1962• Only 3.5% of households had divorced head• 80% of women with children did not work• Only 1% of pop with “no religious preference”• 41% below poverty line in 1949; 20% by ’63• Gallup Poll: 95% of pop self-identified as working class or middle class
Sustain Southern Maine• HUD Livability Principles – Provide more transportation choices. – Promote equitable, affordable housing. – Enhance economic competitiveness. – Support existing communities. – Coordinate policies and leverage investment.
Sustain Southern Maine What we are trying to achieveOur job:• To translate these principles into a format that works for Southern Maine – and is desirable to Southern MainersTranslation:• Find ways that the region can prosper – short and long term - in the face of change
Charting Maine’s Future: 6 Lessons1. Local independence is cultural, historic, and not to be ignored2. Government is not always the most effective change agent3. One state, diverse people4. Mainers are cautious5. Investment requires sustained commitment6. Rome wasn’t built in a day and it’s still there
Celebrate Home Rule!• Instead of seeing this as an obstacle to change, use it as leverage• Find those places where change benefits people and make it work• This environment provides many opportunities• Local home rule gives power to us!
Sustain Southern Maine The ProcessWe know: 1. People in Maine support preserving rural character, quality of place and increased economic vitality 2. Encouraging higher density mixed-use communities linked by some level of public transit is a good first step toward reaching these (sustainability) goals
Sustain Southern MaineBegin with a Smaller Scale Approach What we also know: • Property rights are a high value in Maine • Creating a large-scale “on paper” regional plan will, by itself, not do much to move the needle So, a different approach: • Sustain Southern Maine is adopting a community-driven, smaller scale approach using the power of home rule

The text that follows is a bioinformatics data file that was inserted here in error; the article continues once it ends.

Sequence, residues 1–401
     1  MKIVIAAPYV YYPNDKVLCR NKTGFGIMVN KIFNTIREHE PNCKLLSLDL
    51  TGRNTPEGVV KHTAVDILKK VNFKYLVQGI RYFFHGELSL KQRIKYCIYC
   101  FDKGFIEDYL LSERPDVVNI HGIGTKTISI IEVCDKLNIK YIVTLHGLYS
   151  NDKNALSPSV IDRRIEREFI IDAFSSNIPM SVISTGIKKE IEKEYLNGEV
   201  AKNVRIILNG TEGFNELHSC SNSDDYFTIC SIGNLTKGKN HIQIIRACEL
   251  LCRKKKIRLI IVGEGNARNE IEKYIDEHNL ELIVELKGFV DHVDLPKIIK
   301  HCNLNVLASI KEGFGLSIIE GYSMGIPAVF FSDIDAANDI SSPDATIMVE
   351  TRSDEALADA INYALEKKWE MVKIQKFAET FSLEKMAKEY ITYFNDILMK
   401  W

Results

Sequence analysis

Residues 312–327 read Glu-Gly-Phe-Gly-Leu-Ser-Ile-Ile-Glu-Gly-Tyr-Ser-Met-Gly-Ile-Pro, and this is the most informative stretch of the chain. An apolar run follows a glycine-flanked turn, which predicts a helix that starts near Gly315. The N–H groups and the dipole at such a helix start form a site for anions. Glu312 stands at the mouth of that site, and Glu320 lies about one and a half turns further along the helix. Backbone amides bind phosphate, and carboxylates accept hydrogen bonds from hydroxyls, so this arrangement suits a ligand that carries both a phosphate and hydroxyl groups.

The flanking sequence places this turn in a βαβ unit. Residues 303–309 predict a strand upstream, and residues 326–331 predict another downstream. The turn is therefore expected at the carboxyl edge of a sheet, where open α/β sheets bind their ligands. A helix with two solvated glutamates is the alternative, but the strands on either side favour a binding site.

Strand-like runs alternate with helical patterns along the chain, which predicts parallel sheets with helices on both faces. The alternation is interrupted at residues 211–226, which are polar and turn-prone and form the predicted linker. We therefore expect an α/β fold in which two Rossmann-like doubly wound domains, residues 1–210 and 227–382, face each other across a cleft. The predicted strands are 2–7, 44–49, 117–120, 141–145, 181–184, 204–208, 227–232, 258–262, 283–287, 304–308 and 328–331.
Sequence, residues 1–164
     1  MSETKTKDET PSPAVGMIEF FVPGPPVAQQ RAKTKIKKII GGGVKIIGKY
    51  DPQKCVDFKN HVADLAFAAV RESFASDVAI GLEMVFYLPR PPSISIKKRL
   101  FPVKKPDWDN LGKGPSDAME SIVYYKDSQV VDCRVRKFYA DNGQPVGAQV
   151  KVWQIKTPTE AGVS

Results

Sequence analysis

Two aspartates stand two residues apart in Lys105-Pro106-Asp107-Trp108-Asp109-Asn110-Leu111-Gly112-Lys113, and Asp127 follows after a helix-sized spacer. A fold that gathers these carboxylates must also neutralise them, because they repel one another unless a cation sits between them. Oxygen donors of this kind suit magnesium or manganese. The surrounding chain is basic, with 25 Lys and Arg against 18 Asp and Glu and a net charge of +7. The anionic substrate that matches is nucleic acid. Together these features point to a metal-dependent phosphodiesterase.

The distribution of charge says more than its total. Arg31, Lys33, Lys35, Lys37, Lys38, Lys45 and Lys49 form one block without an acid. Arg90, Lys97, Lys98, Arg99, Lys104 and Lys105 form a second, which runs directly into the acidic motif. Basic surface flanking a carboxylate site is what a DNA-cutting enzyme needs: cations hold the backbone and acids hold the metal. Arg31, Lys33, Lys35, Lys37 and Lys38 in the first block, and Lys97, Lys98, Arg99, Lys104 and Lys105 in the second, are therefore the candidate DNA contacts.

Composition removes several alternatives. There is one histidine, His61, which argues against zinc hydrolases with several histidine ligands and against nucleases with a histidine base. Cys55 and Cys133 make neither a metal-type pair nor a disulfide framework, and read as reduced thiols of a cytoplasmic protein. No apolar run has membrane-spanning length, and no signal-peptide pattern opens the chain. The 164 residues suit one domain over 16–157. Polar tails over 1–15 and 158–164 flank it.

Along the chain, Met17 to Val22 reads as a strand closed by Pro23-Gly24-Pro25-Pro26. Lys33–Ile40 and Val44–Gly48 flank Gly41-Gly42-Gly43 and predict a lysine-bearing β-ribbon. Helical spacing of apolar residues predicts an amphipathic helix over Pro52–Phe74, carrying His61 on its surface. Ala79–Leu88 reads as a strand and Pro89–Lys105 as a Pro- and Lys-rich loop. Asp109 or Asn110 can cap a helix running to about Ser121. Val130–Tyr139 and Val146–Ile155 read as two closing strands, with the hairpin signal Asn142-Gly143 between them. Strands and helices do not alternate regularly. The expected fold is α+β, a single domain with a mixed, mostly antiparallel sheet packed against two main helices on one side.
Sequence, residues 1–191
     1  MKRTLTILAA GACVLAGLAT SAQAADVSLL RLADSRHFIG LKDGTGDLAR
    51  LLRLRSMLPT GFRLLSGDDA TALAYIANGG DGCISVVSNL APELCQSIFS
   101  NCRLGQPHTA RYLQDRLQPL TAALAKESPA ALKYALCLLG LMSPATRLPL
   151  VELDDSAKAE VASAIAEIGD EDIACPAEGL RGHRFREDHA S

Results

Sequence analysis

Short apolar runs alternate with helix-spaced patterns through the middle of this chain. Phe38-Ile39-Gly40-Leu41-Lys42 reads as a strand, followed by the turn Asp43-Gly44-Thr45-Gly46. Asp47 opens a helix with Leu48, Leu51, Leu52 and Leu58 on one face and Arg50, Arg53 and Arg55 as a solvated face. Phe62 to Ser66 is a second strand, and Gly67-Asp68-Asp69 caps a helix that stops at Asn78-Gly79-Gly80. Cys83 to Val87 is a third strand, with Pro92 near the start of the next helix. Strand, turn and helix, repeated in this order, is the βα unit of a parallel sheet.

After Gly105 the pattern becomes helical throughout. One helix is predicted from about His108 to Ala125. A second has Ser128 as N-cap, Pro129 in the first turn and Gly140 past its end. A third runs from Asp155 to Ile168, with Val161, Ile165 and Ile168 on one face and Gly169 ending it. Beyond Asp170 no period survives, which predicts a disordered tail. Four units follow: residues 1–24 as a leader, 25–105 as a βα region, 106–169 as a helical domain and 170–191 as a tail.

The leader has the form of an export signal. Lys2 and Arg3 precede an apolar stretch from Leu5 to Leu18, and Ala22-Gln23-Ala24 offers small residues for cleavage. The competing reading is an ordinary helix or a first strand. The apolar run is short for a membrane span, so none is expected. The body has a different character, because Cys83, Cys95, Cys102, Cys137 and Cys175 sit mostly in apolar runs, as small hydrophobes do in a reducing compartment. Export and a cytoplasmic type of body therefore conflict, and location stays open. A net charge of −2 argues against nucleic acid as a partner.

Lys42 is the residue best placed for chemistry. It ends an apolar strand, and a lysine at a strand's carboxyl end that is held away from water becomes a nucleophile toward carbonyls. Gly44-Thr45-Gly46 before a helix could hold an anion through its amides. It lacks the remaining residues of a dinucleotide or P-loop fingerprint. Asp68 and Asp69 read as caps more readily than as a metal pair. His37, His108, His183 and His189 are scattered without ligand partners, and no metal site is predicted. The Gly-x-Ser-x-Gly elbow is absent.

Sustain Southern Maine Creating Centers of Opportunity1. Mapped all existing locations where market-driven growth is already occurring2. Which locations can absorb growth and are best suited for density3. Determine which communities WANT this growth4. Designate them as pilot/demonstration projects5. With an open mind, see what we can learn about making this model work in Maine6. Roll out what we learn to region at large7. Provide tools/planning support for all towns to adopt as they choose
Sustain Southern Maine Centers of OpportunityA center of opportunity will be:• Mixed use, no more than ½-mile in diameter, able to absorb growth, with appropriate infrastructure• Highly competitive for the next generation of job and housing growth in Southern Maine• Tapping into the market’s desire for safe, livable, and walkable neighborhoods,• A testing ground where lessons learned in generating economically sustainable and livable centers can be used throughout the region by other communities
Sustain Southern Maine: Sample Criteria• Community support for concept• Public sewer/water/soil quality for on-site treatment systems• Transportation intersection• Growth area – able to accommodate major growth• Open to community planning• Presence of existing business, public services, recreational, cultural areas, access to fresh food• Quality of school system/support• Replicable to other communities
Communities Interested in Hosting a Center of Opportunity• Brunswick • Westbrook• Yarmouth • Biddeford• Falmouth • Saco• Freeport • Kennebunk• Standish • Kennebunkport• Windham • Hollis• Raymond • Sanford• Gray • Wells• New Gloucester • Lebanon• Portland • Acton• (South Portland) • Kittery• (Cape Elizabeth) • South Berwick• Scarborough • Berwick• Gorham
Pilot Centers of Opportunity• Standish • Westbrook• Gray • Kennebunk• New Gloucester • Sanford• Portland • Wells• South Portland • Kittery• Scarborough
Sustain Southern Maine Centers of Opportunity• If in the next 25 years, 40-50 such locations attract and absorb growth and generate economic stimulus in this manner, we will have successfully changed the pattern of growth in Southern Maine in a way that is: • Sustainable • Economically beneficial • Supports preservation of rural character And in so doing, we will have built a collaborative regional framework that gives the region a stronger voice.